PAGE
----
Next, I clarify that the goal of HPV vaccination is to prevent cancer, and I remind the patient that everyone who engages in sexual activity is at risk. For those who have more concerns, it is important to first understand what the specific barriers are before trying to address them.
Despite our best efforts to educate, some patients may decline vaccination. It is important to avoid thinking of this as “losing a battle,” as respecting patient autonomy ensures not only a trusted partnership in the patient’s future healthcare, but also helps to minimize clinician frustration. Patients may opt to go against our recommendations in multiple situations, and they will make their own life decisions no matter how hard we try to provide optimal care.
Completing the vaccination series
Given that scheduling conflicts seem to play a prominent role in nonadherence to vaccination schedules, some flexibility with appointments is key. Anyone age 15 or older will need three doses of the HPV vaccine, typically with the second dose given one to two months after the first, and the third within six months of the first (at 0, 1–2, and 6 months). To accommodate a patient’s schedule, the second HPV vaccination can be scheduled at four weeks after the first dose, and the third dose 12 weeks after the second. There should be at least five months between the first and third dose (referred to as the “minimal interval”).
If repeat vaccination has occurred any earlier than these minimal intervals, then the patient will need another dose after the appropriate minimal interval has passed. Caution with interval dates is needed only when patients wish to come in earlier than recommended; if the vaccine schedule is interrupted or delayed, then a patient can continue with the remainder of the routine recommended schedule; no additional boosters or schedule adjustments are required (no maximum interval).
Should vaccination be mandated?
In Australia, where the HPV vaccine was made available for free in a national school program, vaccination rates of more than 70% have been achieved nationally in girls ages 12 to 13, with resultant clinical benefits in preventing both warts and precancerous lesions. A meta-analysis of nine high-income countries suggested that HPV infections decreased most when there is at least 50% coverage of the female population. In addition to Australia, Denmark, Canada (Quebec province) and New Zealand have offered widespread vaccination to multiple age cohorts, leading to optimized population immunity and the maximum impact on clinical outcomes.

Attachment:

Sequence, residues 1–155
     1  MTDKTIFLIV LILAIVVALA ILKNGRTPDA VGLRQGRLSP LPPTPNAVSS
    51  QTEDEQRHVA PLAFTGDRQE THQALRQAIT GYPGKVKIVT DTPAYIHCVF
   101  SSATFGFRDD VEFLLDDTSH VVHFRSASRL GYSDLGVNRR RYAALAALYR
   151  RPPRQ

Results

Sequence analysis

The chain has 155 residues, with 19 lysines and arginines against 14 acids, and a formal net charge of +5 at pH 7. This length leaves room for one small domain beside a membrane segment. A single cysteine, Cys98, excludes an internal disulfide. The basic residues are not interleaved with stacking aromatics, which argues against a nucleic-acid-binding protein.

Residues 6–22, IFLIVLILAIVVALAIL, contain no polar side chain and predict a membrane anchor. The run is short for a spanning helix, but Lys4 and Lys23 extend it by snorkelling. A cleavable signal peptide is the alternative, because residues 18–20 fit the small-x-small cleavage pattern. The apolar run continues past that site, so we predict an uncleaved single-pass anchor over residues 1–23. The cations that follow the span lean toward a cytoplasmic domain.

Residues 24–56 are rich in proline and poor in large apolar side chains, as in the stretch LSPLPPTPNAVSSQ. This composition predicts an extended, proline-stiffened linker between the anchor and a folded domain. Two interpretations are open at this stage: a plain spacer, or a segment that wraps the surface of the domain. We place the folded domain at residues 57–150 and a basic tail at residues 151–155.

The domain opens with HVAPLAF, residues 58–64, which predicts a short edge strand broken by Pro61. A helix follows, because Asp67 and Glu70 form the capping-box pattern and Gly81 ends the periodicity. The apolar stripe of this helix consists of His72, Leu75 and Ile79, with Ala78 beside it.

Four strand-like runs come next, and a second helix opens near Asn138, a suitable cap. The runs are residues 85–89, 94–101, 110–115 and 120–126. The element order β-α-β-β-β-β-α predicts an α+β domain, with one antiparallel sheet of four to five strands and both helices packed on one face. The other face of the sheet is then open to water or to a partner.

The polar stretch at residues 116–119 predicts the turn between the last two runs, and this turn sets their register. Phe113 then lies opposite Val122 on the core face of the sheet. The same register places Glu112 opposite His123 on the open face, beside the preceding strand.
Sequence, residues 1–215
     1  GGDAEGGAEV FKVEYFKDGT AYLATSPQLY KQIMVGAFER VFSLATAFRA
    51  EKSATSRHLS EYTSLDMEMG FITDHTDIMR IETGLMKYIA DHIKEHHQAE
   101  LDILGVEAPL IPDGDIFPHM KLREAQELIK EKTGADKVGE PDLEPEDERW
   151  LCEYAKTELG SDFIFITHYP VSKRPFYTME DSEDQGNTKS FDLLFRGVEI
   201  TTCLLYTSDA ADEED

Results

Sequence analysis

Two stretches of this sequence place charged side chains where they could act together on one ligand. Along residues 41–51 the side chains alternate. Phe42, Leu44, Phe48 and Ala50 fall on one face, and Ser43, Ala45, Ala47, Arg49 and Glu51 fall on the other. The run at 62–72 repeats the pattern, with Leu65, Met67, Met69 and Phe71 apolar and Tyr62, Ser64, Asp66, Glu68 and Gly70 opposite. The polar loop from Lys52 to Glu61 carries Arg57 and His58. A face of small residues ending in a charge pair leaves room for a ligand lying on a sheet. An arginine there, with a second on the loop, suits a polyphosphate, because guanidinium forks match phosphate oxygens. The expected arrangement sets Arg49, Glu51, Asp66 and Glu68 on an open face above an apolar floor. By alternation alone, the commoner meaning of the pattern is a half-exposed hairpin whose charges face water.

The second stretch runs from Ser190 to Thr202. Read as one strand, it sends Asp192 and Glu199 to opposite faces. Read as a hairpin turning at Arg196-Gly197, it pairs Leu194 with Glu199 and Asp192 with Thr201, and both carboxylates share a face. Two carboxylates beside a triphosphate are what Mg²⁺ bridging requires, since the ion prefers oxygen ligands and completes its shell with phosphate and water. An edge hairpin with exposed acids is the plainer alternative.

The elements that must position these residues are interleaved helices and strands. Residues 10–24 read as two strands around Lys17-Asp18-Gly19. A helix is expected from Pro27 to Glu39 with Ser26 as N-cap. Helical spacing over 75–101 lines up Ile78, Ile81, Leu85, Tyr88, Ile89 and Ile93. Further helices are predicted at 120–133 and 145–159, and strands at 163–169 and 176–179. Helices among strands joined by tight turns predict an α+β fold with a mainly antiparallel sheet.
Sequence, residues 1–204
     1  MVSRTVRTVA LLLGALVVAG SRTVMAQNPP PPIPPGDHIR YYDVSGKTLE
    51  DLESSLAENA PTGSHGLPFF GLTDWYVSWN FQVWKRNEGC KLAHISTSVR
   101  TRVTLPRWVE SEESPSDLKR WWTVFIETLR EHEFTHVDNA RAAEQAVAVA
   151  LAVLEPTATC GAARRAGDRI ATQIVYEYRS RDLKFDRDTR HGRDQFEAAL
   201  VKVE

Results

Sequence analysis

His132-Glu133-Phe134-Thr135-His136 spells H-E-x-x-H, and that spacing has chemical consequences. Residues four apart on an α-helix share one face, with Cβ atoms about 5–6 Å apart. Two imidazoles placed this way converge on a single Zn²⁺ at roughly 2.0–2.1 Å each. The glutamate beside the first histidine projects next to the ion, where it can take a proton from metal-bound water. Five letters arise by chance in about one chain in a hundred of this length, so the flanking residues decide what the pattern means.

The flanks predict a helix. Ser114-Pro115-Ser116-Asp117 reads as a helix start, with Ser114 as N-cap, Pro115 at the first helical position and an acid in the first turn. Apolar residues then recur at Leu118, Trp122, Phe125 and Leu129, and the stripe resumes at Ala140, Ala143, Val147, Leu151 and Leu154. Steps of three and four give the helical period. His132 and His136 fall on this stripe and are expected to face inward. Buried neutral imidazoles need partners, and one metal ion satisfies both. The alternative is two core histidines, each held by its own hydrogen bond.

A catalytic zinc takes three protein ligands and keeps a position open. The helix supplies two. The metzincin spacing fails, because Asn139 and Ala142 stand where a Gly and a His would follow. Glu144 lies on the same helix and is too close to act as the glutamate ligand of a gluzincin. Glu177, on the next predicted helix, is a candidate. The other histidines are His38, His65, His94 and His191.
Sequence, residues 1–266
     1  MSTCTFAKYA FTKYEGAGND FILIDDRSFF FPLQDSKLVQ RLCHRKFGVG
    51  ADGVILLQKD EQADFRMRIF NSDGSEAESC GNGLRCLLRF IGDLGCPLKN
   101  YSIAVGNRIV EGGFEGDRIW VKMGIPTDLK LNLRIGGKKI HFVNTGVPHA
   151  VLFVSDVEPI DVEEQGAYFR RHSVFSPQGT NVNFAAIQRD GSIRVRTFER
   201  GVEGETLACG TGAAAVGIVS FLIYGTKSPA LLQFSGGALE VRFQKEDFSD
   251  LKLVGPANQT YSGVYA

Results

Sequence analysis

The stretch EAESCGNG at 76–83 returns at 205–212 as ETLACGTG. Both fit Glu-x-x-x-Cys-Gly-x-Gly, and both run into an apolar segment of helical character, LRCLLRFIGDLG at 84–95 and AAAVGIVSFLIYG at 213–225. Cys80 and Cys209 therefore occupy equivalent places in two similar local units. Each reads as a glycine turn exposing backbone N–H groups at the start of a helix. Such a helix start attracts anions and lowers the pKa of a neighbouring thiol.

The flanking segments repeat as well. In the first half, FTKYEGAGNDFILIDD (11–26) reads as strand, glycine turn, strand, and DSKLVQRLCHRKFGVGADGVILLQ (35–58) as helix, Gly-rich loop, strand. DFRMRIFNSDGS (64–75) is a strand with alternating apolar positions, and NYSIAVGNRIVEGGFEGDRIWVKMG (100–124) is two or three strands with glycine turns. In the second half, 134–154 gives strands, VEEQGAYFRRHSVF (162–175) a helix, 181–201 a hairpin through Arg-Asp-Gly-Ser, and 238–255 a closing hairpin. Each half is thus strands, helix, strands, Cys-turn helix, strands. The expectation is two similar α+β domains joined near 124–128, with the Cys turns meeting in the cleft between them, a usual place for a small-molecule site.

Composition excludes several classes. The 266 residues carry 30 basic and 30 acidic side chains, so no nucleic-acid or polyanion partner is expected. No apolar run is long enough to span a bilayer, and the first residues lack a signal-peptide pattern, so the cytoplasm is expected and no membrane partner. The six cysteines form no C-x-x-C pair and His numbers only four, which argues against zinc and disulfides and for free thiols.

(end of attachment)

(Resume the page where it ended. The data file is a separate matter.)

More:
Vaccination rates vary greatly among U.S. states. In contrast to the 78% vaccination rate in Washington, DC, which has a mandate for school entry, the Mississippi rate is only 29%. As of 2019, only three states provide free HPV vaccination through their health departments, although 25 states have laws requiring some funding for HPV education and vaccination.
Of note, in the U.S., there has been a higher uptake of the HPV vaccine among minority patients (higher in Hispanic and Black versus white populations) and also in those within a lower socioeconomic status group (income below federal poverty level, and having Medicaid coverage as opposed to private insurance). Because these populations of women historically have been at higher risk for HPV-related disease and cancer, it is hoped that this may lead to reversing some of these healthcare disparities.
In the U.S., significant controversy surrounds the idea of mandating vaccination prior to starting school, limiting vaccine exemptions, and the perceived loss of an individual’s autonomy. Although a rise in vaccine-preventable illnesses has been seen primarily in communities with lower rates of vaccination, asking school administrators and nurses to “police” who is allowed to return to school adds an extra layer of complexity to this heated debate.
Although many may disagree with me, I suspect the best path to improving vaccination rates will not be achieved by adding more laws and rules, but by improving the education of both patients and caregivers, establishing a trusting patient-doctor relationship, simplifying office workflows (empowering nursing teams to educate patients, and then prompting clinicians that the vaccine order is needed), and by lifting financial barriers to vaccination, including copays, prior authorization, and coverage ambiguity.
For a complete list of references, please visit: https://www.ccjm.org/content/87/9/545